My creativity, positivity, and art challenge this week is to use things found in some sort of print form — magazines, papers, letters, cards, coloring books, even junk mail is fair game — in my calendar journal posts.
Today I grabbed an old Bella Grace magazine for inspiration . As I flipped through the magazine I was drawn to two pages with images filled with words. I decided to do a riff on a black out poem.
I clipped words and phrases that meant something to me. I looked for words within words. I cut and rearranged the words to create new phrases and thoughts.
These are some of the words, I didn’t use. I didn’t see any connections that struck me so I stashed them in a bag for future use. Now, I see phrases that eluded me as I worked the first time. Here are two: Positivity is healthy, and Turn goals into friends.
I enjoy the black out poetry process, and see more possibility, when I cut the piece apart, rather than use the typical method. I think it’s the ability to see things together, and apart, as well as the increased opportunity to move the words around. Seeing the words from different angles — even upside down — increases my brain’s ability to concoct new phrases, see as yet unseen connections, and have aha moments.
It reminds me of Edward DeBono’s concept of lateral thinking. The easiest way to explain lateral thinking is to imagine looking at something from the side. When you do, you see a completely new item. For instance, a rectangular sheet of paper suddenly becomes a line. And, depending on which side you look at, it could be long line, a short line, or even a line with a point somewhere in the between the two ends. Oh, and if the paper doesn’t stay perfectly straight you can see all sorts of other shapes.
But, back to my cut out poem.
I arranged and rearranged the words in today’s space. I returned to the pile of cut papers and searched out other words. Every once in awhile, I spoke the words out loud to see if I liked the phrasing, meter, and emphasis.
I always kept in mind the vibe I hoped to create, and the story I wanted to tell. The general tone and direction remained the same, but the words themselves changed as I pondered and noticed new possibilities.
Finally pleasantly satisfied, I glued them to the page.
Other than some fab advice in my journal, what are my take aways? As the lead learner in my classroom what did I learn? What do I want to bring to my learners and incorporate into my teaching practice?
Remember, use, and teach about lateral thinking.
It’s good to be inspired by others.
If you take the ideas of others and make them your own it’s not copying, it’s not cheating. It’s collaborating, creating, and being inspired!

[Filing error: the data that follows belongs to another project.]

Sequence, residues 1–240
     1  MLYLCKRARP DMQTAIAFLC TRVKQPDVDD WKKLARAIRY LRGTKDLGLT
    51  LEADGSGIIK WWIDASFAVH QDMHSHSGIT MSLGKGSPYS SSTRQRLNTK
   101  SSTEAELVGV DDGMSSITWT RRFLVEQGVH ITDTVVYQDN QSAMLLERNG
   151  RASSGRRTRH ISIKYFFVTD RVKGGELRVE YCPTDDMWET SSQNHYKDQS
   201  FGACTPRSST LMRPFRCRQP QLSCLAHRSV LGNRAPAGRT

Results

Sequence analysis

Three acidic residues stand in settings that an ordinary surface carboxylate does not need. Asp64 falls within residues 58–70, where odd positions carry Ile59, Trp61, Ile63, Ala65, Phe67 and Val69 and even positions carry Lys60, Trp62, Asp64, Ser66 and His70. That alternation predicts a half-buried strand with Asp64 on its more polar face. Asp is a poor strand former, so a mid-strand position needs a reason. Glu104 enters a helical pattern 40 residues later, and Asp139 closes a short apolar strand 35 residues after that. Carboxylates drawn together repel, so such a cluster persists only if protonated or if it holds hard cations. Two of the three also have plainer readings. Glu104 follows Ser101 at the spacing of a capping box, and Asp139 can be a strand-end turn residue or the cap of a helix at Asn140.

Look for things you know.
Look for things that are unique, unusual, or that surprise you.
Be open to new ways.
Connections are important. Search for them, see them, and make them — especially ones that surprise or entertain you
Wonder about the connections and possibility you noticed, as well as those you didn’t.
Embrace the importance of your story
Explore and enjoy the sound of words and phrasing
Search for the best but enjoy the rest
Iterate, iterate, iterate.
Remember there is always tomorrow rich with possibility and new opportunities to go again.
I like positive vibes. thanks
Oh, what a privilege, indeed, to be simply alive. My appreciation of that is a major reason why I write. Love this valuable insight into the writing process: “I always kept in mind the vibe I hoped to create, and the story I wanted to tell. The general tone and direction remained the same, but the words themselves changed as I pondered and noticed new possibilities.” Well-done!
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This reminds me of Penny Kittle talking about taking song lyrics and cutting them up to create something new. I have tried this and it is more difficult than one thinks it should be. Your poems are perfect to keep as a mantra.
Haven’t heard of Penny Kittle – Just looked her up. Really like her Book Love Foundation.
I love doing these kinds of mindful left brain activities and especially when building a positive message to myself or for others, but the icing was how you connected your process to education and brain research. Thanks.
Thanks, Margaret. I love making connections with my learners. Makes their work so much more real and my teaching much better 😁
I love blackout poems and found poems of all kinds! Yours was so lovely, and your reflections on what you learned were inspiring!
Thanks, Julie! I looked up found poems to see other types and came upon this phrase “a poetic collage of sorts” — how fantabulous is that?
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That sounds so like you! Love it!
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I did a found poem for summer and just recently took it down from the bulletin board. Your words made me think I should do one for fall – my absolute favorite season of the year! My favorite lines: “Focus on
what could go right.”
Thanks, Ramona! I think you should do one too! 😀 That’s one of my favorite things as well. Reminds me of Winne the Pooh and Piglet — ““Supposing a tree fell down, Pooh, when we were underneath it?” “Supposing it didn’t,” said Pooh after careful thought.” 😀
Play and Breathe. Your playful approach to poetry brought joy to you and your readers.
Thanks, Terje! 😀 To me, as well.
Thanks, Loralee! 🙂
You, my friend, are a gift to all! Thank you for this – Positivity is healthy, and Turn goals into friends. As I tell you often – you are my hero! Thank you for your courageous, ferocious, and contagious positivity! I AM INDEED GRATEFUL!
Thanks, Jojo. That all means a lot to me. And on a day when I’m feeling pretty blech, it’s an even nicer read. 🙂